Oral corticosteroids stewardship for asthma in adults and adolescents: A position paper from the Thoracic Society of Australia and New Zealand

Link to article at PubMed

Respirology. 2021 Sep 29. doi: 10.1111/resp.14147. Online ahead of print.


Oral corticosteroids (OCS) are frequently used for asthma treatment. This medication is highly effective for both acute and chronic diseases, but evidence indicates that indiscriminate OCS use is common, posing a risk of serious side effects and irreversible harm. There is now an urgent need to introduce OCS stewardship approaches, akin to successful initiatives that optimized appropriate antibiotic usage. The aim of this TSANZ (Thoracic Society of Australia and New Zealand) position paper is to review current knowledge pertaining to OCS use in asthma and then delineate principles of OCS stewardship. Recent evidence indicates overuse and over-reliance on OCS for asthma and that doses >1000 mg prednisolone-equivalent cumulatively are likely to have serious side effects and adverse outcomes. Patient perspectives emphasize the detrimental impacts of OCS-related side effects such as weight gain, insomnia, mood disturbances and skin changes. Improvements in asthma control and prevention of exacerbations can be achieved by improved inhaler technique, adherence to therapy, asthma education, smoking cessation, multidisciplinary review, optimized medications and other strategies. Recently, add-on therapies including novel biological agents and macrolide antibiotics have demonstrated reductions in OCS requirements. Harm reduction may also be achieved through identification and mitigation of predictable adverse effects. OCS stewardship should entail greater awareness of appropriate indications for OCS prescription, risk-benefits of OCS medications, side effects, effective add-on therapies and multidisciplinary review. If implemented, OCS stewardship can ensure that clinicians and patients with asthma are aware that OCS should not be used lightly, while providing reassurance that asthma can be controlled in most people without frequent use of OCS.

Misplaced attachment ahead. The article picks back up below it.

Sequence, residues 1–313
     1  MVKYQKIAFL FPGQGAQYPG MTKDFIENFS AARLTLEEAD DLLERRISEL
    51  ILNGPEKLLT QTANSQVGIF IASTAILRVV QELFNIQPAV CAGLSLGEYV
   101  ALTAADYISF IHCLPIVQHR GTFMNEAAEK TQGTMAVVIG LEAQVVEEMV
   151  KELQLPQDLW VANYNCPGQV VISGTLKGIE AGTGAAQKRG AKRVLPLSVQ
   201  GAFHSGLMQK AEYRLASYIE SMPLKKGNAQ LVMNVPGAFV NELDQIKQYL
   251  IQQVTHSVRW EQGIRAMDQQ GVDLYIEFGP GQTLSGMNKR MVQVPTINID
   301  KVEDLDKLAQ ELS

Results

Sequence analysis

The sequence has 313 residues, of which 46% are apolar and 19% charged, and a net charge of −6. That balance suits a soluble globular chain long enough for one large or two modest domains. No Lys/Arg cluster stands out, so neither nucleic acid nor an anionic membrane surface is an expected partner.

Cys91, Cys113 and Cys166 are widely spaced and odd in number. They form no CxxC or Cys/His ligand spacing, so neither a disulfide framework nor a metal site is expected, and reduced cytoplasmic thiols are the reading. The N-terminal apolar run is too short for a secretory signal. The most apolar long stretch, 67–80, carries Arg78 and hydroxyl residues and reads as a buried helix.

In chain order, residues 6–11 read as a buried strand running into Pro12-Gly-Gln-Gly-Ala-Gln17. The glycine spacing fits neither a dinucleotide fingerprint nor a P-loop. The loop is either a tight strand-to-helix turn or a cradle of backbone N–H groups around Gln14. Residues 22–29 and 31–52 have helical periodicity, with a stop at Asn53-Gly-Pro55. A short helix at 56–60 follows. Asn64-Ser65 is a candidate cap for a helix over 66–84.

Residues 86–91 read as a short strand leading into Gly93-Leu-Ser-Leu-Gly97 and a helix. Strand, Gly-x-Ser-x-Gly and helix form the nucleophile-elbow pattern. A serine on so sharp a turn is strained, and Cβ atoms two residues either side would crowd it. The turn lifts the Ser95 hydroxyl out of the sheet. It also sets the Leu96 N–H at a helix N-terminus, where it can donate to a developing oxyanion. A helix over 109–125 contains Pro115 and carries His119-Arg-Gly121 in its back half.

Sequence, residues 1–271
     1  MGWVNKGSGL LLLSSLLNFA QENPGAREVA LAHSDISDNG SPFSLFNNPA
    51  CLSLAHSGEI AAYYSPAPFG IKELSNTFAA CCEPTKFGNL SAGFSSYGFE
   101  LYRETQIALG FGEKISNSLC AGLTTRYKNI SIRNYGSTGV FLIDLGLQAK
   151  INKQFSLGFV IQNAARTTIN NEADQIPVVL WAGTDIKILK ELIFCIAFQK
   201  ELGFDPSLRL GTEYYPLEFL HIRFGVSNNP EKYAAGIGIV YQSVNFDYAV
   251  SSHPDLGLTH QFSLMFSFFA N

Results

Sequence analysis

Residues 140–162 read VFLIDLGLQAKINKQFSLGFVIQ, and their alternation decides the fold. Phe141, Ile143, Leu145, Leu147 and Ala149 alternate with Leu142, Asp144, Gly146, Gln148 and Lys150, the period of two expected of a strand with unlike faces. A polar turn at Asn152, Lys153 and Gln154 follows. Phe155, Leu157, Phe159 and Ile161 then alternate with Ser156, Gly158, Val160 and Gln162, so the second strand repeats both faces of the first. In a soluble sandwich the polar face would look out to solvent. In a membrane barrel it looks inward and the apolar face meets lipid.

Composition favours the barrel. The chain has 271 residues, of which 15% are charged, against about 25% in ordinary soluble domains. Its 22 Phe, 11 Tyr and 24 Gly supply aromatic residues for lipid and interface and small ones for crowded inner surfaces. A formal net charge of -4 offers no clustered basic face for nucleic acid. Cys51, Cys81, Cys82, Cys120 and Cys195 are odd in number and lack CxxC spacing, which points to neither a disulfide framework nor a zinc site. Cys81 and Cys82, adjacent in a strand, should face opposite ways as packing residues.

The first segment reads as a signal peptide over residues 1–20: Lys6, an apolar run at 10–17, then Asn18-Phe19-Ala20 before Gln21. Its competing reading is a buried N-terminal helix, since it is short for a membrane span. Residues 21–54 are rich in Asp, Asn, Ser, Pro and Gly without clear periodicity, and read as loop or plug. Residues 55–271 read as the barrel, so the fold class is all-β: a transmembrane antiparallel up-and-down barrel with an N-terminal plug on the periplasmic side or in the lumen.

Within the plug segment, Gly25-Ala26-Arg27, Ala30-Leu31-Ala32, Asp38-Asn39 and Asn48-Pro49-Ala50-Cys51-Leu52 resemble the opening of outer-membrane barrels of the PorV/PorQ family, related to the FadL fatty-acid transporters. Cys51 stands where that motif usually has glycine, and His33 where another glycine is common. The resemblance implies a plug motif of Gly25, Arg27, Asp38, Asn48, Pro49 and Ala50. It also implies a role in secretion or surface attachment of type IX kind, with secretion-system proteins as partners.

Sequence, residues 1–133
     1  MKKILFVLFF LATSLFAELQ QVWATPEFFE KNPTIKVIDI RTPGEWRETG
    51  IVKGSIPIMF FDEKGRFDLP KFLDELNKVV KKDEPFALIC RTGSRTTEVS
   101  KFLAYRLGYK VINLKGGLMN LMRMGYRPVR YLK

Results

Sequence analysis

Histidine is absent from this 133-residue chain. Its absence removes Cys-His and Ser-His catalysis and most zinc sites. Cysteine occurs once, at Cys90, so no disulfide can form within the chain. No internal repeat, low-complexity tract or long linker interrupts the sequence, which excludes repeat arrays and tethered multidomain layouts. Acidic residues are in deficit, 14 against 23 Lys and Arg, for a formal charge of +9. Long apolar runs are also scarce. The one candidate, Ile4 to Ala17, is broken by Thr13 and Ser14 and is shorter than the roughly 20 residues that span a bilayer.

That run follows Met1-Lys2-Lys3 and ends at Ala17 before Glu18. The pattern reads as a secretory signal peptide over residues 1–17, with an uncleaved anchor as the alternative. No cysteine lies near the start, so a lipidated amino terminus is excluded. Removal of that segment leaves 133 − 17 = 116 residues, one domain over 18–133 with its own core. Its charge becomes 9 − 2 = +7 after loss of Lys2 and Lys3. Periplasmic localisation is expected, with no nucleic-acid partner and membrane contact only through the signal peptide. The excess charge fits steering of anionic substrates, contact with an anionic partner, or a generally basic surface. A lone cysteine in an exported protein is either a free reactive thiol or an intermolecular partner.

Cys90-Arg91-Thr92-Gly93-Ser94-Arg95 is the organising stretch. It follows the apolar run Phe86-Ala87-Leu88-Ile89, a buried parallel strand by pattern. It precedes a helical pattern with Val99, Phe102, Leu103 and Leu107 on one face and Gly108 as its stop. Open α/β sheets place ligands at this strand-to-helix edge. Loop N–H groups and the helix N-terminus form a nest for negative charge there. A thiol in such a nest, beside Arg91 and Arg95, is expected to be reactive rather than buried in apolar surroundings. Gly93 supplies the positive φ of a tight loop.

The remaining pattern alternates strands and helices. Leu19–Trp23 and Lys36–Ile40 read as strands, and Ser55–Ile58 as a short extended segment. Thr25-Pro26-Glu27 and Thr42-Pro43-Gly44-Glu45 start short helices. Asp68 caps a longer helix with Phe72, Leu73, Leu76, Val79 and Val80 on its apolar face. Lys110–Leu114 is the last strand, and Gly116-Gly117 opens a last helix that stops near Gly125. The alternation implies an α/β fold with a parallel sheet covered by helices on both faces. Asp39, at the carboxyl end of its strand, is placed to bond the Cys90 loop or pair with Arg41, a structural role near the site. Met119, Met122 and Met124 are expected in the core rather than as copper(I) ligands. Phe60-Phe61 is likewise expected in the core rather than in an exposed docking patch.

PMID:34587348 | DOI:10.1111/resp.14147

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